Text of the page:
The debt ceiling is a side show. Not real theater. And not a real reason for stocks to move, states Steve Reitmeister of Reitmeister Total Return.
The sad fact is we are still stuck in gridlock not knowing if the traffic will flow bullish or bearish from here. In the meantime, investors are willing to trade every little ripple in the water no matter how inconsequential. What truly matters is the next big wave. Will that be bullish or bearish? Solving that mystery continues to be the key to future investing success...and thus will be our focus today.
Last week the narrative was that stocks were running up to the bullish breakout point of 4,200 on news that a debt ceiling deal was on the way. Then on Tuesday stocks tumbled a little over 1% as debt talks drag on in typical DC fashion. Let me tell you how this will play out from here so there is no mystery.
There will be a lot of political theatre between now and the 6/1 deadline. This could include a temporary funding deal so a longer term deal can be crafted after the deadline. But someway, somehow a deal will be made like every time in the past...and every time in the future. Stocks will run higher on that news. Even perhaps topping the 4,200 mark for a brief spell. Yet when the smoke clears investors are still left with the same conundrum. That being whether a hawkish Fed hell bent on taming inflation will create a recession and deeper bear market...or will that disaster be averted paving the way for more bullish upside?
As you know from my previous commentaries, I see the bearish case as the most likely because the Fed typically talks about creating a soft landing when raising rates...yet failing 75% of the time because a recession did unfold. This time around they are telling you straight up to expect a mild recession when all is said and done. So, assuming the same Fed margin of error, then a deeper recession is likely on the way. With that will be lower earnings outlooks and much lower stock prices. (Yes, below the 3,491 low set October 2022).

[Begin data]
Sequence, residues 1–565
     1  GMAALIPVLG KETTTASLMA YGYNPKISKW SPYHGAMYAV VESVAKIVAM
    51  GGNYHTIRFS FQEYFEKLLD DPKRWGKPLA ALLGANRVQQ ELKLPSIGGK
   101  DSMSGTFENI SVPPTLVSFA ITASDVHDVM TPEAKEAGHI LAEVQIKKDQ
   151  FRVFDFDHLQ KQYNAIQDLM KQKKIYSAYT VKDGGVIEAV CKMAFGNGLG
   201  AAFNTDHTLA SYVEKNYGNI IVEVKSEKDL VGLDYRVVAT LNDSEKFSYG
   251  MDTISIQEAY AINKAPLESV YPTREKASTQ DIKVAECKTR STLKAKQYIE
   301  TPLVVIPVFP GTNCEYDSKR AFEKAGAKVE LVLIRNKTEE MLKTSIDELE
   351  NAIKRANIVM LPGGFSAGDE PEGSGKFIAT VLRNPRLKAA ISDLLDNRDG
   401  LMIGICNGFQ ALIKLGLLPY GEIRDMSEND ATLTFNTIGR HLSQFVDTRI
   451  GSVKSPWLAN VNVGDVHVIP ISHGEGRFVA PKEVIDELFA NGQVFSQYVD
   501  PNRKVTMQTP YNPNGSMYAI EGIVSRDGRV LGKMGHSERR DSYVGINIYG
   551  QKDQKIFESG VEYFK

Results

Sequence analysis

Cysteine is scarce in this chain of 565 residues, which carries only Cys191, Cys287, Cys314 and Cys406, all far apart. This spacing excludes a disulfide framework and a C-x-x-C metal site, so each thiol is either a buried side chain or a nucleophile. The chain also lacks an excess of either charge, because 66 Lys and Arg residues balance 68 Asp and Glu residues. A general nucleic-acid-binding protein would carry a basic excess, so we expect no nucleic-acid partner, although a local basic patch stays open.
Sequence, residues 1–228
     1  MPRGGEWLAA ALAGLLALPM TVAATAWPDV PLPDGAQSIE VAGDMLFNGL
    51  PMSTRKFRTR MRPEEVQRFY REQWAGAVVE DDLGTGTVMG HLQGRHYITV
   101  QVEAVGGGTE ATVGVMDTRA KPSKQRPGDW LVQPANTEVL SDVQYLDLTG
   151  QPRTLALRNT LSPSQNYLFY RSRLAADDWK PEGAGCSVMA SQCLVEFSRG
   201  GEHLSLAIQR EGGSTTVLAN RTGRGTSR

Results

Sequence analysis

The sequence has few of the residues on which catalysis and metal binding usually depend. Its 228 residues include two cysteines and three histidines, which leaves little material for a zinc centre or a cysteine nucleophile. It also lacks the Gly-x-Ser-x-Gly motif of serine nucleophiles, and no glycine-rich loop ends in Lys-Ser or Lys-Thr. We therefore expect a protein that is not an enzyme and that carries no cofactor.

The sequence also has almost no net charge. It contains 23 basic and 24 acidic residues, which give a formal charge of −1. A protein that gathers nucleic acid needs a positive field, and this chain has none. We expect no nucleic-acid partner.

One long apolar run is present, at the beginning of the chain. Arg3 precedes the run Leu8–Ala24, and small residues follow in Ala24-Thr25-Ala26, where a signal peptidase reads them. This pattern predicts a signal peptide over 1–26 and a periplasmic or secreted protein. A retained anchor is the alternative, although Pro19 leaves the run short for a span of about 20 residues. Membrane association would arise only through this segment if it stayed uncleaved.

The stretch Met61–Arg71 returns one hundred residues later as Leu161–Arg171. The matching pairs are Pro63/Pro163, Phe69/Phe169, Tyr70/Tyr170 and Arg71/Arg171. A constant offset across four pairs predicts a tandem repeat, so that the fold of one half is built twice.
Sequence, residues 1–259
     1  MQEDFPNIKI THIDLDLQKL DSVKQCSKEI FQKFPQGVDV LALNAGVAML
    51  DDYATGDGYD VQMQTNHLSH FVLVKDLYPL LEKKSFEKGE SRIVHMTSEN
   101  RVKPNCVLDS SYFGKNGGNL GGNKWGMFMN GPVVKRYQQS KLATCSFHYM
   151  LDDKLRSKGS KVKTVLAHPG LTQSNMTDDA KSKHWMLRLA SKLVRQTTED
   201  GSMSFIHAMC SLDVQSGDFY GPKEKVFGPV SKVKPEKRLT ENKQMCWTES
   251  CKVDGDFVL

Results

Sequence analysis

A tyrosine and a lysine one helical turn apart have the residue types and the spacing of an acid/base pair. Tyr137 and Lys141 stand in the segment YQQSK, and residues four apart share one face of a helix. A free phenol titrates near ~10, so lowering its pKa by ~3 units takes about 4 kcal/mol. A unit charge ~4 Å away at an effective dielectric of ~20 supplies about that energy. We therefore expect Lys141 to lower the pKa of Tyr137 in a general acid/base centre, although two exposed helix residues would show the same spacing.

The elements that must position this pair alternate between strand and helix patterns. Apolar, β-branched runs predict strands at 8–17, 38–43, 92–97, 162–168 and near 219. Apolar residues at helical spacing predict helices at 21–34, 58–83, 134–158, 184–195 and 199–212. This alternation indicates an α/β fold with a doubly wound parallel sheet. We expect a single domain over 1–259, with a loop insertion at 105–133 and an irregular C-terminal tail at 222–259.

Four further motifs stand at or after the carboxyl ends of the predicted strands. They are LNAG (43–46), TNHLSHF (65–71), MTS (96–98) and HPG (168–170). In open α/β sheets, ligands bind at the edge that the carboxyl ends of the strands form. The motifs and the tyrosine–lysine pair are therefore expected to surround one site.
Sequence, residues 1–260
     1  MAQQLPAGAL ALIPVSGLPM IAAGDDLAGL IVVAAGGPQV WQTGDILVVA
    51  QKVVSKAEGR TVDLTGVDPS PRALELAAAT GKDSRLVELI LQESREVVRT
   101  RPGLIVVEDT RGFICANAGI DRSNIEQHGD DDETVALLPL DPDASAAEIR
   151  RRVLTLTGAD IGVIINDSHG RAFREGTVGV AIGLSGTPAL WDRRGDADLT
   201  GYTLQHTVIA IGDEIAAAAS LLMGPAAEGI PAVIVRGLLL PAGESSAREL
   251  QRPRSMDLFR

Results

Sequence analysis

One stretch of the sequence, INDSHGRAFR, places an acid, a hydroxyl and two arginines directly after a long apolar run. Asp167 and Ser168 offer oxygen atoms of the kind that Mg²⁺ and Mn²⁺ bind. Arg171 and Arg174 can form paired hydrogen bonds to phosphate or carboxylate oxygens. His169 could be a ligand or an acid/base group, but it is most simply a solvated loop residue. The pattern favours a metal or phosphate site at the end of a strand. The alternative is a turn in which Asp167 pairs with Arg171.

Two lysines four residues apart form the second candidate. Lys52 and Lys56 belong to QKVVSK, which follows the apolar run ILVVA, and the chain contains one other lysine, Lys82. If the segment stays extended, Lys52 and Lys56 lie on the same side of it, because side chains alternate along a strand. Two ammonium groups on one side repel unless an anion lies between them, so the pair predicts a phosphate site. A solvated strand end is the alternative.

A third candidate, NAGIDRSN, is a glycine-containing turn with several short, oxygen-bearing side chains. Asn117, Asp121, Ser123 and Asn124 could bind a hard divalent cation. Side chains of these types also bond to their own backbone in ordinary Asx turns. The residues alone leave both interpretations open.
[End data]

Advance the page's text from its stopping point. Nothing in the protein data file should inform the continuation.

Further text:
This debate has been at the heart of the trading range scenario we have been dealing with all year long where bulls are making as good of arguments as bears. Their main argument being that a recession keeps NOT happening. When bulls or bears start making a more convincing case, then the market will swing in that direction. Meaning we are best served looking for the clues that would tip the scales in one direction or the other.
On that front, there were some interesting notes from key Fed officials this week to consider. As a backdrop, let’s remember that investors now predict a 80% probability that they freeze rates at this level. Some will think of that as dovish pivot and reason to rally. The Fed’s Neel Kashkari says...not so fast! Here are the key segments from CNBC’s review:
“Do we then start raising again in July? Potentially, and so that’s the most important thing to me is that we’re not taking it off the table.”
“Markets seem very optimistic that rates are going to fall now. I think that they believe that inflation is going to fall, and then we’re going to be able to respond to that. I hope they’re right,” he added. “But nobody should be confused about our commitment to getting inflation back down to 2%.”